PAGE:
Southern California Edison proposed performing a $52 million study of a coal-fueled power plant that would produce less global-warming pollution than conventional generators, the Rosemead-based utility company said.
Edison said it is seeking state regulatory approval to pass the costs of the two-year research plan on to its customers. The study would focus on the feasibility and effectiveness of a system that would strip carbon dioxide and other pollutants from the gas. The carbon dioxide, which is a bi-product of the process, would be captured and stored in underground geologic formations. This would be the only facility in the U.S. that uses this technology, Edison said.
The Golden State has the nation's strictest regulations on emissions of carbon dioxide and other greenhouse gases linked to global warming. Edison said it is looking at building the plant in a location west of the Rocky Mountains where coal supply, transmission lines and carbon disposal would be available.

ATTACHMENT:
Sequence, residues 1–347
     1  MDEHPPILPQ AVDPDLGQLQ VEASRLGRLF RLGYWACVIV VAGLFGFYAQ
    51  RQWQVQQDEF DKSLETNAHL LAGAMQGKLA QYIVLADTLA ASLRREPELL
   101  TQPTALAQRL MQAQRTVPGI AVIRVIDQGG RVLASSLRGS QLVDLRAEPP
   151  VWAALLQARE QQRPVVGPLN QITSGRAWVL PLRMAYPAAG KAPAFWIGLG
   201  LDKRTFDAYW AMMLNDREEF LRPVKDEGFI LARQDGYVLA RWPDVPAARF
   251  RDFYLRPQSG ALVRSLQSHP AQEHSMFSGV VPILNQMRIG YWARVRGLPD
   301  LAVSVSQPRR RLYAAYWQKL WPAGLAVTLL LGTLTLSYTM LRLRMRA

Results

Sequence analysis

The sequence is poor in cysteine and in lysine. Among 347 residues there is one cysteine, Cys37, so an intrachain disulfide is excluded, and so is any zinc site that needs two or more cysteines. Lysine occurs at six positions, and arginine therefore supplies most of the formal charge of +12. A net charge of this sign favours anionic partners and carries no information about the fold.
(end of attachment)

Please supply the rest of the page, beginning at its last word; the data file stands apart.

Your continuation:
Edison also said that the power plant could be capable of generating 600 megawatts (one megawatt is enough to power about 800 homes) and would produce 10 percent of the carbon emissions as a modern natural gas-fired plant. Natural gas power plants produce more than 50 percent of California's power, Edison said.
Shares in Edison closed down 23 cents and lost another 2 cents to $58.39 in after-hours trading Thursday on the New York Stock Exchange.
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